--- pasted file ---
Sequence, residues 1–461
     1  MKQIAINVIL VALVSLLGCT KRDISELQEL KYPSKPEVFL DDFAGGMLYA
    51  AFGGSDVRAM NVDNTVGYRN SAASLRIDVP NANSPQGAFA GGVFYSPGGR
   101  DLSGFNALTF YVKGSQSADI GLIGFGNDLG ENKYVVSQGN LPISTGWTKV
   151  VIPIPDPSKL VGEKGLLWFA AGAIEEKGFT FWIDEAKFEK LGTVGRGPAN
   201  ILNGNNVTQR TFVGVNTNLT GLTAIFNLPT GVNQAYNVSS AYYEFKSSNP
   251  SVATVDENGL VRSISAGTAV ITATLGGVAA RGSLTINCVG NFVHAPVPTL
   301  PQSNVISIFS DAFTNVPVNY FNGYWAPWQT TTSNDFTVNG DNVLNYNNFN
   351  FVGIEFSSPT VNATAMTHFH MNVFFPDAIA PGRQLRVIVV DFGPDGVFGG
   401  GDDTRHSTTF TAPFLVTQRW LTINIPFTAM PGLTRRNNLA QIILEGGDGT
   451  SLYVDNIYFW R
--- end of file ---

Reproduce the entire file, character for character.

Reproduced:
Sequence, residues 1–461
     1  MKQIAINVIL VALVSLLGCT KRDISELQEL KYPSKPEVFL DDFAGGMLYA
    51  AFGGSDVRAM NVDNTVGYRN SAASLRIDVP NANSPQGAFA GGVFYSPGGR
   101  DLSGFNALTF YVKGSQSADI GLIGFGNDLG ENKYVVSQGN LPISTGWTKV
   151  VIPIPDPSKL VGEKGLLWFA AGAIEEKGFT FWIDEAKFEK LGTVGRGPAN
   201  ILNGNNVTQR TFVGVNTNLT GLTAIFNLPT GVNQAYNVSS AYYEFKSSNP
   251  SVATVDENGL VRSISAGTAV ITATLGGVAA RGSLTINCVG NFVHAPVPTL
   301  PQSNVISIFS DAFTNVPVNY FNGYWAPWQT TTSNDFTVNG DNVLNYNNFN
   351  FVGIEFSSPT VNATAMTHFH MNVFFPDAIA PGRQLRVIVV DFGPDGVFGG
   401  GDDTRHSTTF TAPFLVTQRW LTINIPFTAM PGLTRRNNLA QIILEGGDGT
   451  SLYVDNIYFW R